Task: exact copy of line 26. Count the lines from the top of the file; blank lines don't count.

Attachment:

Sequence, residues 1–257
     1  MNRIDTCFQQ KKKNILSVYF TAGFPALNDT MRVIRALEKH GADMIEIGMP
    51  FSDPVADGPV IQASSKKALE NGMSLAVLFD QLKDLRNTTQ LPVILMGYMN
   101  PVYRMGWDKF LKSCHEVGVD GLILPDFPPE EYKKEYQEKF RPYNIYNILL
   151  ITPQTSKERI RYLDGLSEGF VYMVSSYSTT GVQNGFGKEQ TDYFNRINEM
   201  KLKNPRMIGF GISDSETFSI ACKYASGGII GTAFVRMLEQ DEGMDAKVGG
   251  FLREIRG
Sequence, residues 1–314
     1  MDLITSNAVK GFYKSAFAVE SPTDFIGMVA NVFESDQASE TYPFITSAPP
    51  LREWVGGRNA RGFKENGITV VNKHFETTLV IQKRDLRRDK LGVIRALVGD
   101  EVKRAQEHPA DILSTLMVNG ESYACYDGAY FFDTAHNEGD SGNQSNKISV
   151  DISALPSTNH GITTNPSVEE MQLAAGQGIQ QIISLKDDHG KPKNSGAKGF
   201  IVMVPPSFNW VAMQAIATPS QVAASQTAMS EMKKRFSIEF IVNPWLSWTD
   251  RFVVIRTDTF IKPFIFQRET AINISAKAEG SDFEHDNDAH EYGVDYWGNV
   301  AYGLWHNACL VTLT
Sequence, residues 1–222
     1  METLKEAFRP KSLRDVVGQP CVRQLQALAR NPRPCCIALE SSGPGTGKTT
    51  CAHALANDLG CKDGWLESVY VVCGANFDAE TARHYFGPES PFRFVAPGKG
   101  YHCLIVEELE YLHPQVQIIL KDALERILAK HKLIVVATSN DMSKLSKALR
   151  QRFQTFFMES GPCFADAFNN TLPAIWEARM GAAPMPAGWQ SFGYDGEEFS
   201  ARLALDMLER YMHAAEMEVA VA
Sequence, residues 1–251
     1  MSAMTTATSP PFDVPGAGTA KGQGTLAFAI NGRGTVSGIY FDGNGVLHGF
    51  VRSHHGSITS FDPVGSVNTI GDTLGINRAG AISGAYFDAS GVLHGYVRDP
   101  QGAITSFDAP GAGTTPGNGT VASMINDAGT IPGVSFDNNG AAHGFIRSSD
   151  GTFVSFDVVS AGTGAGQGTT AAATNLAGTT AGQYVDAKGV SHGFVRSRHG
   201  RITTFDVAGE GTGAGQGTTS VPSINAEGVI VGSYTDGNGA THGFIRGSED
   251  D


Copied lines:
   151  GTFVSFDVVS AGTGAGQGTT AAATNLAGTT AGQYVDAKGV SHGFVRSRHG